“I want to know, what are the stories they’ve been dying to tell,” he said. “What I found most inspiring when I was looking at this job was seeing the collections. Nevada has wonderful collections and thinking about the many stories that we will share with visitors, both the familiar and the untold, is really exciting.”
CARSON CITY, Nev. – Two of Nevada’s pioneer families – the Currys of Carson City and the Mayers of Elko County – are the subject of the first in a new exhibition series at the Nevada Historical Society.
“Nevada Families in Focus” will debut with a reception from 4 to 7 p.m. on April 1 with “The Currys and the Mayers.” The reception is free to NHS members and $5 for non-members. Admission is free for children 17 and younger.
The exhibit includes photographs, documents and artifacts, which combine to tell the stories of these families, how they came to settle in western and eastern Nevada and their contributions to the development of the state.
The Mayer family moved to Fort Halleck, Elko County, in the early 1870s from Missouri. Once the fort was abandoned in the mid-1880s, the family moved to the town of Elko where Charles Mayer operated the Depot Hotel and Mayer Hotel.
Abe Curry is often referred to as the father of Carson City for his role in the city’s development and growth from its founding in 1858 to his death in 1873.
The exhibit follows the two families around the mid-19th century, and uses their photographs and artifacts to show who they were, how they came to Nevada, and what they did once they arrived. Photographs are a key component of the exhibit, as the photos within the collections allow us to see the not only the growth of the two families, but also the growth of early photographic processes from daguerreotypes to the more familiar paper-based prints.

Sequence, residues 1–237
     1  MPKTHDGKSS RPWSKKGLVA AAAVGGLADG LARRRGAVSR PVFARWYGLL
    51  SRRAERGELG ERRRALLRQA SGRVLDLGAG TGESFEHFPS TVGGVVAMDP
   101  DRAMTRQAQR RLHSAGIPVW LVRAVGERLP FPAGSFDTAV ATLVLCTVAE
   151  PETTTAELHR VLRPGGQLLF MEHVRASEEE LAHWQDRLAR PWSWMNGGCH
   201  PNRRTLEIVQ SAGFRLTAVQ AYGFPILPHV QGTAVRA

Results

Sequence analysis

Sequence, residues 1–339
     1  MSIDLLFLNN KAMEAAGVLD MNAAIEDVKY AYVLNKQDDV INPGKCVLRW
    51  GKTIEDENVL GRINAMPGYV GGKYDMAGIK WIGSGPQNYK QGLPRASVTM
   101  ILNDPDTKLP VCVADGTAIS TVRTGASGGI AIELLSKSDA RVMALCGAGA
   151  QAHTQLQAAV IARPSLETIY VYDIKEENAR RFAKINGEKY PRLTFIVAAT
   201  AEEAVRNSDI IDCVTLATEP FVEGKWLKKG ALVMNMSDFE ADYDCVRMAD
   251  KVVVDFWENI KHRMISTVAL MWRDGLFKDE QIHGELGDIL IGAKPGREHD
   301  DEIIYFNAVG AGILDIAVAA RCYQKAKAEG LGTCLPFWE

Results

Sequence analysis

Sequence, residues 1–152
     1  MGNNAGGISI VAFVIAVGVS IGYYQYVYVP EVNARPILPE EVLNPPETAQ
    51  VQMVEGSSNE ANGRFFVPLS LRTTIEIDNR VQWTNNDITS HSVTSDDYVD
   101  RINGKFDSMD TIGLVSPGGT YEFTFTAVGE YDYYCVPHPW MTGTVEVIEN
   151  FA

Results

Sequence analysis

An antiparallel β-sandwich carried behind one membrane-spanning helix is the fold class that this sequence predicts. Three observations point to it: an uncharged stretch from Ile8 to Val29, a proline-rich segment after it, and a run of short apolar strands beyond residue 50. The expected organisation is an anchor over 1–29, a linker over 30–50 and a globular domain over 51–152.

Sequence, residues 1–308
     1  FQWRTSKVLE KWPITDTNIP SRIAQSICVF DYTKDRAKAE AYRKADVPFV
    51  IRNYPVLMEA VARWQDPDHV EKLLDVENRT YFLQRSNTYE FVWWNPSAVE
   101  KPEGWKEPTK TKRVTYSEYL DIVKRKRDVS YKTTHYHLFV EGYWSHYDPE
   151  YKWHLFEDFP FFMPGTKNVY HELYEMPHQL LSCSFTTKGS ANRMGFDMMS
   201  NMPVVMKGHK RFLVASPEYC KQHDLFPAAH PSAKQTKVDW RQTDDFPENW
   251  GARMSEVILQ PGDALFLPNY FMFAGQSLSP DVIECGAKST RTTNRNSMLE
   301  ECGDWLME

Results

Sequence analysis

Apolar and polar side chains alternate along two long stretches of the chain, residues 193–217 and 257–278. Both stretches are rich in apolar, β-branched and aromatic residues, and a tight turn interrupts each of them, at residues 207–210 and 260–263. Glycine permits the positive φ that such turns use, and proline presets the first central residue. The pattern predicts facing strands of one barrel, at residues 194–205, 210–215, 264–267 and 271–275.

The “Nevada Families in Focus Series” will alternate between families from Nevada’s past and present to examine how these families help shape our sense of individuality, community and cultural heritage.
The Nevada Historical Society is located at 1650 N. Virginia St., in Reno. For details, call (775) 688-1190.
CARSON CITY, Nevada – University of Nevada, Reno professor Sudeep Chandra leads an active and interesting life.
And he gets to fish – a lot!
From working to preserve lakes around the globe to conserving the world’s largest trout (the Taimen, also known as the Siberian River Shark) in Northern Mongolia to developing public-private partnerships to protect species and habitats, Chandra is also an expert on local waters, including Lake Tahoe.
On Thursday, March 23, he will share his views with “Life Beneath Tahoe Waters – The Good, Bad and the Weird!” as part of the Frances Humphrey Lecture Series at the Nevada State Museum. Doors open at 6 p.m. and the program begins at 6:30.